allow for detailed color vision
densest in the center of the retina
lateral to the blind spot
area of the retina with only cones
visual acuity is here
3 types of cones (RBG)
each cone type is sensitive to different wavelengths of visible light
what segments does the lens divide the eye into?
anterior to the lens
contains aqueous humor
posterior to the lens
contains vitreous humor
watery fluid found between the lens and cornea
similar to blood plasma
helps maintain intraocular pressure
provides nutrients for the lens and cornea
reabsorbed into venous blood through the sclera venous canal/canal of schlemm
prevents eye from collapsing
instrument used to illuminate the interior of the eyeball and fundus (posterior wall)
can detect diabetes, arteriosclerosis, degeneration of the optic nerve and retina
light must be focused to a point on the ___ for optimal vision
light is _______ by the cornea, aqueous humor, lens, and vitreous humor
the eye is set for _______
distant vision (over 20 ft away)
the lens must change shape to focus on closer objects (less than 20 ft away)
image formed on the retina is a ________
real images are . . .
reversed L from R
smaller than the object
bundles of axons that exit the back of the eye carrying impulses from the retina
location where the optic nerves cross
fibers from the medial side of each eye cross over to the opposite side of the brain
contain fibers from the lateral side of the eye on the same side and the medial side of the opposite eye
synapse with neurons in the thalamus
axons from the thalamus run to the occipital lobe
synapse with cortical cells and vision interpretation (seeing) occurs
pathway of impulses from the retina to the point of visual interpretation
visual cortex in occipital lobe of the brain
overlap for each eye
each eye sees a slightly different view
results and provides depth perception
eye focuses images correctly on the retina (normal vision)
distant objects appear blurry
light from those objects fails to reach the retina and are focused in front of it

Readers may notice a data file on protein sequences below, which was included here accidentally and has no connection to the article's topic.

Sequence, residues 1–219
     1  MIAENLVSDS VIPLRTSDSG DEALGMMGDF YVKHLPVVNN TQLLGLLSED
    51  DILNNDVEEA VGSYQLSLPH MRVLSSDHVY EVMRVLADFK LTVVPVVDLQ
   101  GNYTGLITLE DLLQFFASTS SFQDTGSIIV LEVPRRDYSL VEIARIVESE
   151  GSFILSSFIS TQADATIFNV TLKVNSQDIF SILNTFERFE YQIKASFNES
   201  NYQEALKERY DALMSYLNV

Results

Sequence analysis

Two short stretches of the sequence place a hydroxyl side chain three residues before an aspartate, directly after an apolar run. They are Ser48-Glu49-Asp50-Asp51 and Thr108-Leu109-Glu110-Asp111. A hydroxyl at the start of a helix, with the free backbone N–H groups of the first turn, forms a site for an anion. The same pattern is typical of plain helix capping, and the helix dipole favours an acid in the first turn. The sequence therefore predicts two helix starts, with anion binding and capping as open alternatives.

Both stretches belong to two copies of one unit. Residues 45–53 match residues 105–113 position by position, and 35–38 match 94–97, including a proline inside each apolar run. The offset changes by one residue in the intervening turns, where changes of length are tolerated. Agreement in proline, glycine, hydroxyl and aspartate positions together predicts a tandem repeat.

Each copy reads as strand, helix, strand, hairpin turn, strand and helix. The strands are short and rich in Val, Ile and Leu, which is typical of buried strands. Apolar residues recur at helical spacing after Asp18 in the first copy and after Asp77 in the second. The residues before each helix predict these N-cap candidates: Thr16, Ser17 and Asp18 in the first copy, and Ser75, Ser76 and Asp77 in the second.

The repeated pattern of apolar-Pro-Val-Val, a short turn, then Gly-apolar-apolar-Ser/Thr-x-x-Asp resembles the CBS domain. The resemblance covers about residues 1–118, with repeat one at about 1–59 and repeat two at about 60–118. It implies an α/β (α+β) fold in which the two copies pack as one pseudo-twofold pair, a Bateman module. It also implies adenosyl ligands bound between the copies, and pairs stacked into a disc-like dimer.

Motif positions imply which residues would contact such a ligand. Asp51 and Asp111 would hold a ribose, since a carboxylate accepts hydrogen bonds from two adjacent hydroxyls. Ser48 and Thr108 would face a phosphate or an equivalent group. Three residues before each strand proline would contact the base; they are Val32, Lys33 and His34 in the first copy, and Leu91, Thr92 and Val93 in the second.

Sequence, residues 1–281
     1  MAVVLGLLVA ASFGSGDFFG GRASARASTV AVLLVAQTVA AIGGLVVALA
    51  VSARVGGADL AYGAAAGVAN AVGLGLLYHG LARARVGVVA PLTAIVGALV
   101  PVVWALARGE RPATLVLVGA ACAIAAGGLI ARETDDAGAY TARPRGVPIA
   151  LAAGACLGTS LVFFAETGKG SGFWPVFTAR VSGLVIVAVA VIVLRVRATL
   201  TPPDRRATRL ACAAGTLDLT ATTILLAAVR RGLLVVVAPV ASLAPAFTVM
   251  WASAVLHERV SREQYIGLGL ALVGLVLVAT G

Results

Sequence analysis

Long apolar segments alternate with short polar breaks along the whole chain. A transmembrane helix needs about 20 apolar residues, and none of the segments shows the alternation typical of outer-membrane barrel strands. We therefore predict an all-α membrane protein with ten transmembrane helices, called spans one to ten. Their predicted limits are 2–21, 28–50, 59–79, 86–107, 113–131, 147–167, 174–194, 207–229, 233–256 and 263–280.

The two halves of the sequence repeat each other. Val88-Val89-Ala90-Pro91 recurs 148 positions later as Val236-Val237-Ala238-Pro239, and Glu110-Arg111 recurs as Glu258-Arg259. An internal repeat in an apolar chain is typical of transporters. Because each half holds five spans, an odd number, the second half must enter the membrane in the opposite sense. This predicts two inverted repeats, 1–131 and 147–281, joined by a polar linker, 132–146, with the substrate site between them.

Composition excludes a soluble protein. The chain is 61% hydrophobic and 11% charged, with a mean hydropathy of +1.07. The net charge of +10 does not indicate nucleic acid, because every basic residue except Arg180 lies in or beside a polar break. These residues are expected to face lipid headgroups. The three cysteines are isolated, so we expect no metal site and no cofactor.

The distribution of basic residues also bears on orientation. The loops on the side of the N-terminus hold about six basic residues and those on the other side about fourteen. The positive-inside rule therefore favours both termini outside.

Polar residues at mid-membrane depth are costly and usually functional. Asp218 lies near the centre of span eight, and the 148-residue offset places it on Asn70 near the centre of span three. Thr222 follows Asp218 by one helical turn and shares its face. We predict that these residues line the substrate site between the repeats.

results from having an eyeball that is too long
near objects appear blurry, whereas distant objects are clear
distant objects are focused behind the retina
results from an eyeball that is too short or from a lazy lens
images are blurry
results from light focusing as lines, not points, on the retina because of unequal curvatures of the cornea or lens
reflexive movement of the eyes medially when we focus on a close object (going cross eyed when a pen is brought to your nose)
bright light causes pupils to constrict
accommodation pupillary reflex
viewing objects causes PUPILS to constrict
how many senses does the ear house?
what are the two senses that the ear houses?
hearing and equilibrium (balance)
what are the receptors in the ear?
how many areas is the ear divided into?
what are the divisions of the ear?
external (outer) ear
internal (inner) ear
external acoustic meatus (auditory canal)
only involved in collecting sound waves
narrow chamber in the temporal bone
lined with skin and ceruminous (earwax) glands
glands secrete cerumen (earwax)
cerumen traps foreign objects and repels insects
ends at the tympanic membrane (eardrum)
middle ear cavity (tympanic cavity)
air-filled mucosa-lined cavity within the temporal bone
involved in sense of hearing
located btwn tympanic membrane and by a bony wall with two openings
3 bones (ossicles)